Politely conversing with clients to understand his/her needs are crucial in enhancing quick recovery and satisfaction (Moonie & Windsor 2005). The service providers need to acknowledge their clients’ personal beliefs and identities by availing effective services to their independent of the nature and diversity of the same. The client would not feel separated from the environment he/she is in. Lastly, the service providers should uphold confidentiality. Service users and patients entrust staff in various organizations with sensitive information relating to their health issues and other personal matters. This is done as part of seeking advice, treatment and support. The service users do this in confidence with expectations that the health workers will value their privacy and act appropriately. In some cases such as mental sickness, patients may be unaware of their rights in regard to confidential information. This, however, does not mean that the duty of confidence should be diminished. It is vital that patients’ trust between caregivers and users is maintained.
All social workers have their own set of morals and internal value systems. Sometimes, social workers are faced with circumstances in which their morals and values conflict with their clients. The principles of social care values must be derived from a person’s human rights (Fisher, Blackmore, Snaith & Seamons, 2005, p. 84). Client confidentiality is a vital component of a client-health worker relationship. It ensures that personal and private information divulged by the client will be kept out of reach and safe from unauthorized people, both inside the workplace and out of it (Fisher, Blackmore, Snaith & Seamons 2005, p. 85). It is an unspoken rule that a client’s permission must be asked before any sharing of information to unauthorized people. Although confidentiality should be practiced at all times, it can have limitations. A health worker can breach confidentiality if a client becomes a threat to himself or to others. Health workers can reveal client information to unauthorized personnel when a client verbalizes that he was involved in a crime or if he will be committing a crime.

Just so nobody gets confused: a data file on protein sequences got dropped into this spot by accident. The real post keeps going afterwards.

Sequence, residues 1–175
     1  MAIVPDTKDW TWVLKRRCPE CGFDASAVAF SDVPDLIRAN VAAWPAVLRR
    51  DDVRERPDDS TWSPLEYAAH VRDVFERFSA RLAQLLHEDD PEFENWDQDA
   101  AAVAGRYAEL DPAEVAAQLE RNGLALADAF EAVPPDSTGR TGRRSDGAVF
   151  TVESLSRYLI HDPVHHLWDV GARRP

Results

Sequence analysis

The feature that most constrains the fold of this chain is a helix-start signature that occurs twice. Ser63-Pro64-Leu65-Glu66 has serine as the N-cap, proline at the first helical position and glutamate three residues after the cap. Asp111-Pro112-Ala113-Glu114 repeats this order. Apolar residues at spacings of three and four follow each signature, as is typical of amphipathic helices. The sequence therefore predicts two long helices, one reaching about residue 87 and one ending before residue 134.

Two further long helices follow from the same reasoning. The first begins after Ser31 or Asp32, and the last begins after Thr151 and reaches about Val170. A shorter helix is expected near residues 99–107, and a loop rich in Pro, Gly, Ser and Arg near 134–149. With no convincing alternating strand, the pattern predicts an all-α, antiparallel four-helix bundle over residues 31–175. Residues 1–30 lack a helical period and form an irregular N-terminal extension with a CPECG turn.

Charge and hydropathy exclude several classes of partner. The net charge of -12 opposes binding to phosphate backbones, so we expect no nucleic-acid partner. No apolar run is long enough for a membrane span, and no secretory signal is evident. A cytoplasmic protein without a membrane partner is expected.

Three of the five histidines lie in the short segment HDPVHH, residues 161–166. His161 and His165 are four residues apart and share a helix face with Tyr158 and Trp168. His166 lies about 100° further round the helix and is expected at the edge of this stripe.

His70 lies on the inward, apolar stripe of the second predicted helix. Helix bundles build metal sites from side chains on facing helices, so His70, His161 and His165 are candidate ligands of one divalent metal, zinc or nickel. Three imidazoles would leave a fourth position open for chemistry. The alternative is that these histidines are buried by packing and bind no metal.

An example of a real life confidentiality dilemma is, I was confronted with a scenario when I was taking care of a teenage girl who was pregnant. I was involved in activities to assist her go through the pregnancy and so we created a good relationship. The girl confided in me and would share her sentiments with me boldly. I was, however, faced with a dilemma. As the pregnancy advanced, the girl started changing her attitude. She was no longer open with her feelings and many times preferred to be alone and depressed. Communication became difficult because my patient was not willing to open up. After a while she attempted an abortion which was not successful. Instead, the girl ailed and I had to be with her until she recovered. I uphold values which are against abortion. I believe in other alternatives to abortion and totally against the practice. Yet I had to care for a patient who had gone through an abortion without judging or despising her. At one time, I wanted to change course and seek another patient to engage with ,which, according to social care ethics is wrong as it is discrimination based on my moral beliefs which denies the patient her right to choose what is best for her.